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Even with my Puffs in hand, I managed to work on a new painting this week. She came together over several days, working mostly at night. She is larger on 16×20 canvas. I think I am going to keep this original for now. She needs to be in my art room. Plus, I am considering applying to a juried art show in August. If I take this step, I will need photos of my best work to enter. I think she is one of my best so far. I wrote, “Take Heart” in my own scribbly scrawl with a 20 gage fineliner (another life-changer….perfect for scribbling!) Here are a couple pictures of my new “Take Heart” girl (complete with Jamie’s ABC’s in the background):

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I really like the half the face picture – like she is peeking in with a message. I made this my new cover photo on Facebook:

20150219_174703Take he(ART)!

Robyn

 

One Small Step, One Giant Leap

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Mundane faithfulness. This description of a life of faith has been turning in my mind. I can’t let go of it, or its implications. I first read it in a post from Ann Voskamp . She shared Kara’s story of living with cancer , and her letter to Brittany – another terminal cancer patient at the center of a life and death debate. The links share more of their stories. Read them when you have time. Contemplating hard things gives us perspective.

Kara’s blog is called, “Mundane Faithfulness”. The title is a reference from a quote, “What will you do in the days of mundane faithfulness?” (Martin Luther). Powerful question, if you let it settle on you. What will you do when your days run together? When there is no external motivation to get up and do hard stuff all over again. When today will likely be the same as yesterday, and the day before. When we forget this stability is really a gift, when it starts to feel like a burden. When we can hardly pull ourselves out of bed to do it all over again. What will you do….then?

Every life has peaks and valleys. I prefer peaks, but they are few and far between. Oswald Chambers says we are “made for the valleys”. He says this appetite for the mountaintop experiences of life is a flaw in our nature. Like Peter, we want to set up tents and camp out there awhile. And like Peter, we are headed back down the hill, “to the demon-possessed valley”; the “mean streets” and “days of drudgery”, as Chambers puts it. The valley is the arena of life, where faith is proven – pedal to the “mettle”.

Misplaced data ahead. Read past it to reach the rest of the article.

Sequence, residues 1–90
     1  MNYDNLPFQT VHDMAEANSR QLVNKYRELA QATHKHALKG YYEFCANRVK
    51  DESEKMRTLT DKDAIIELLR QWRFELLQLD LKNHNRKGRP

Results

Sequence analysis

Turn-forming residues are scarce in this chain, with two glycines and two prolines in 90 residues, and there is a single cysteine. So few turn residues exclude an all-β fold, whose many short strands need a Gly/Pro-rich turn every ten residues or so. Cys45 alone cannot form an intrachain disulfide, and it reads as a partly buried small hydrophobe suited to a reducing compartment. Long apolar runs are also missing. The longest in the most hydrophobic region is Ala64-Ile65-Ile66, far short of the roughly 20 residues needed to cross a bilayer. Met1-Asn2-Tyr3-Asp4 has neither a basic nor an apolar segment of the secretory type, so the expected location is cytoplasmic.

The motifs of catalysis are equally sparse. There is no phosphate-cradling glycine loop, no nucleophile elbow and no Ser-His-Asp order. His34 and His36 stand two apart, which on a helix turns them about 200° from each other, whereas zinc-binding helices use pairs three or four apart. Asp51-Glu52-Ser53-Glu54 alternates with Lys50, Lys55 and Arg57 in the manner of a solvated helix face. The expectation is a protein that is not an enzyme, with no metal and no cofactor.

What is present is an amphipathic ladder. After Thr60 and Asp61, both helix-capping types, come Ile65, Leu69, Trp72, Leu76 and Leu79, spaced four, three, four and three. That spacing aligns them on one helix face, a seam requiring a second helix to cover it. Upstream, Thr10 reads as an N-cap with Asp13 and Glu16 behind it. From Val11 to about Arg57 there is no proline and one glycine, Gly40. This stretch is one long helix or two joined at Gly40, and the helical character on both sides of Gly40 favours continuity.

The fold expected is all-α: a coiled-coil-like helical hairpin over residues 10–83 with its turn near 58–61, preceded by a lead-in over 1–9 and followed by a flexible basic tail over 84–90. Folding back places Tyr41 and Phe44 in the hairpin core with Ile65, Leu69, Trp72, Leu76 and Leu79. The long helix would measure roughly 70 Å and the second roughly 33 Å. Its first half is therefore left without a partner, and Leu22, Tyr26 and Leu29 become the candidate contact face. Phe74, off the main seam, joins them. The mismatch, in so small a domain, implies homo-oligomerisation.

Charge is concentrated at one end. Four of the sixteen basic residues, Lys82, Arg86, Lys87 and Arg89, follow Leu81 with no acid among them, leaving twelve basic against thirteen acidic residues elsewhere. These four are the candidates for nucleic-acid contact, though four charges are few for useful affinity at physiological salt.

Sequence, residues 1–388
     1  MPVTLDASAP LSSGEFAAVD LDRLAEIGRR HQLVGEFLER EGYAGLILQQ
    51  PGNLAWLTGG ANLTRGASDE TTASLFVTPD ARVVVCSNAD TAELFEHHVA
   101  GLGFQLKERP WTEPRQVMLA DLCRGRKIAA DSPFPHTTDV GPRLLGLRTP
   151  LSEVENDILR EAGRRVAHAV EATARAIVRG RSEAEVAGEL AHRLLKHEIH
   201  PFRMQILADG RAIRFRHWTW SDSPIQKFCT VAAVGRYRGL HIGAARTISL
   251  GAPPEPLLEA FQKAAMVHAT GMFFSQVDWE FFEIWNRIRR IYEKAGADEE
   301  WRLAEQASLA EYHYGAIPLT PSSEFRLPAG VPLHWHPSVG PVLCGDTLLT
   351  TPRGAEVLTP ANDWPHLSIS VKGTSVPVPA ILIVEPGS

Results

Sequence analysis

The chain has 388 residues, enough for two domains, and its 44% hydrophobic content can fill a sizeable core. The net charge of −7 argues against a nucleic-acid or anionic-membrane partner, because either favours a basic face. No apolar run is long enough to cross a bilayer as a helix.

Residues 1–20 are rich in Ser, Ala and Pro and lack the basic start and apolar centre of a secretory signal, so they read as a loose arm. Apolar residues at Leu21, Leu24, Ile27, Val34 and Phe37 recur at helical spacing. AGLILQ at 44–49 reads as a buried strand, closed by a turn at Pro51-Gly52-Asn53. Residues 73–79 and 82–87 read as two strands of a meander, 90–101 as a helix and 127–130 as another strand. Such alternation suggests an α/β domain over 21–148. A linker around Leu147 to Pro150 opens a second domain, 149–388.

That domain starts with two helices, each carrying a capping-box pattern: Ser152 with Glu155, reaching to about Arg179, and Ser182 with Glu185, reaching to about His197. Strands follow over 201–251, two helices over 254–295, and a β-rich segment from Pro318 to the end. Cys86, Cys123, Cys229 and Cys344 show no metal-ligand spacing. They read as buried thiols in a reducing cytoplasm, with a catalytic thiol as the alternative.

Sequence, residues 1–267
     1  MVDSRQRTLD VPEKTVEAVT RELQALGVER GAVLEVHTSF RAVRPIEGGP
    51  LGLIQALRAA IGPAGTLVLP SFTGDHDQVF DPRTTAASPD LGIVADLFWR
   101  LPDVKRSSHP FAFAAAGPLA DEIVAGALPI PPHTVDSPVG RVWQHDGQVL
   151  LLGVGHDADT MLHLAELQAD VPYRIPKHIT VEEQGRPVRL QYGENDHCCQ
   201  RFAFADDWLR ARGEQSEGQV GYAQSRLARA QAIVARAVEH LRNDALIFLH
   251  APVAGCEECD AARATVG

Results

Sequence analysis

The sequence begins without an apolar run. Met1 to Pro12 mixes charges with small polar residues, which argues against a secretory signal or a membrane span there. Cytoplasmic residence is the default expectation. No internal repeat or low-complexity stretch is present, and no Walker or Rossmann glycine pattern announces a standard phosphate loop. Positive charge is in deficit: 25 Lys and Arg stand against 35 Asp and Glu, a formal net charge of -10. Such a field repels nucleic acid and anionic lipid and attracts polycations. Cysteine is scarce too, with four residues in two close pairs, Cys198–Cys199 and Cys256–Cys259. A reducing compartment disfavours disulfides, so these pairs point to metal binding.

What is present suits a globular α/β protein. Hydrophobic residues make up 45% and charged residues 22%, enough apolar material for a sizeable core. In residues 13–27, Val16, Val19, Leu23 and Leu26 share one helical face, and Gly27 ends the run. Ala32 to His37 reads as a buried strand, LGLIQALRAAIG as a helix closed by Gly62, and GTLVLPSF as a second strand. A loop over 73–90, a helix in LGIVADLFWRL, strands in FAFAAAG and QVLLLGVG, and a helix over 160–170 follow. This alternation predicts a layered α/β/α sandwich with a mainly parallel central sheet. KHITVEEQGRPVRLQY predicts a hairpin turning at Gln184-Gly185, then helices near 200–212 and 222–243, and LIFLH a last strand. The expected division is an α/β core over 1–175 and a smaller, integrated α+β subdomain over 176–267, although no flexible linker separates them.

I started a new Bible study yesterday. (If you are looking for a Bible study, click that link. It’s is a good one). Day 1 asked another powerful question, “Is the glory of God your supreme passion?” Supreme as in highest, passion as in desire. Is God’s Glory my highest aspiration and desire? Yes, I would say – sort of. I do want to please God and live for Him. I do see choices made in faith to steer my life to where God wanted me to be. Smack in the middle of the mundane. That part is a little sticky. The next question brought it home, “Does it (God’s Glory) define your goals, objectives, how you spend your time…..everything about you?” Everything about me? That’s a stretch. I am more mixed up than that. I could easily see the internal struggle between God’s glory, and my own. Glory thievery: I think it’s the same part of our nature that wants to live on the mountaintop. You know, where the exciting stuff happens. The thrill-seeking, glory-chasing kind of life. Except it’s an illusion. To quote Solomon, “Vanity, vanity…all is vanity….a chasing after the wind” (Ecclesiastes 1:2, 14).